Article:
The Benin Moat was built in 1280-1295 to serve as a protection against invaders. It is notable as a cultural and historical edifice for the Benin people. The site was added to the World Heritage list on November 1, 1995. The first Benin Moat was Built by Oba Oguola in 1280-1295.
Traditionally called Iya, the Benin moat is one of the largest man-made earthworks. Built before the advent of modern equipment, the wall served as protection for the city against invaders especially the European imperial invaders who were notorious slave hunters.
The Guinness Book of World Records describes the walls of Benin City as the world’s second-largest man-made structure after China’s Great Wall, in terms of length, and the series of earthen ramparts as the most extensive earthwork in the world.
Oba Oguola further announced that important towns and Villages should build similar moats as defence systems around their communities. This gave rise to twenty of such moats around Benin City and its environs.
An extension of the moat was constructed in the 15th century during the reign of Oba Ewuare.
During the second half of the 15th century, Oba Ewuare the Great (ruled 1440-1473 AD) ordered a moat to be dug in the heart of the city. The earthworks served as a bastion and also afforded control of access to the capital which had nine gates that were shut at night.
Moats and walls, which surrounded the old Benin Empire, were kept very clean in those days. It was strictly forbidden to dump refuse inside the moat or round the vicinity. In those days, the Oba, as a supreme and absolute monarch, was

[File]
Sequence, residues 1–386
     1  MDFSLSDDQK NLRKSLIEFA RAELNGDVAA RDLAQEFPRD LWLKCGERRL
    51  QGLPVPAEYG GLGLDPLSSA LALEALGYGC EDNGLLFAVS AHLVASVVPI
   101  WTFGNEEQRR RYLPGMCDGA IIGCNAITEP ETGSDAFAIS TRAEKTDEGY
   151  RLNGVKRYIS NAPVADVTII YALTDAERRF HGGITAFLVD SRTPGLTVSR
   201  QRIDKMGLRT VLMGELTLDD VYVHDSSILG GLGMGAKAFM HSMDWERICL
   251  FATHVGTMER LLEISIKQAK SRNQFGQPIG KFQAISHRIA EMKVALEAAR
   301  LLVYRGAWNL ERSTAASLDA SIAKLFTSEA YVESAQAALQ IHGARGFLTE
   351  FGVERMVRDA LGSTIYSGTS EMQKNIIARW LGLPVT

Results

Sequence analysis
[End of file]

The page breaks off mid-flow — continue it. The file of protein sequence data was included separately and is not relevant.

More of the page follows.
the custodian of the moat and nobody dares defy his
decree as regards the maintenance of the moat.
Specifications of the Benin Moat
- The Benin moat is over 3200 kilometers long,
- Enclosing a 4000 square kilometre (2485.5 miles) of community lands.
- In total, the Benin wall system encompasses over 10,000 kilometers (6213.7 miles) of earth boundaries.
- Patrick Darling, an archaeologist, estimates that the complex was built between 800 and 1000 up to the late fifteenth century.
- The moats were dug in such a manner that earthen banks provided outer walls that complemented deep ditches.
- The ramparts range in size from shallow traces to the immense 20-meter-high (66 feet) around Benin City.
Since the 1970’s it has been partially surveyed and analyzed by famous archaeologists including Graham Connah (“The Archaeology of Benin”, Oxford University Press, 1975) and Patrick Darling (“The Ancient Linear Earthworks of Benin and Ishan”, Cambridge Monographs in African Archaeology, 1984).
It is obvious that the Moat is the single greatest physical endeavor known in our part of the world, as well as being the clearest evidence for the antiquity and greatness of the civilization currently known as Benin Kingdom the most stable and respected monarchy in Africa today, and which continues to play a commendably progressive role in our political and civic life.
But sadly today, significant portions of this great heritage have been destroyed by urban expansion resulting from increased socio-economic and demographic activities. The moats and walls, widely described as one of the world’s largest ancient earthworks, have fallen on bad times. In fact, they face extinction unless something urgent is done. These extensive earthworks must be preserved for its educational, historical, cultural and tourism potential.
However, after the fall of the Benin kingdom in 1894 and the advent of modernity in the 20th century, there was no longer need for the moat as protective shield round the kingdom. However, the moat became a reference point to the ingenuity and engineering acumen of the old Benin Kingdom in their effort to protect themselves and make their kingdom impregnable.
Modernization did not only render the moat useless, but also led to the expansion of the town, leading to the encroachment of the moat. Apart from building houses close to the moat, the red sand was dug and used to build houses by indigenes of the town. A part of it was also covered to make way for roads.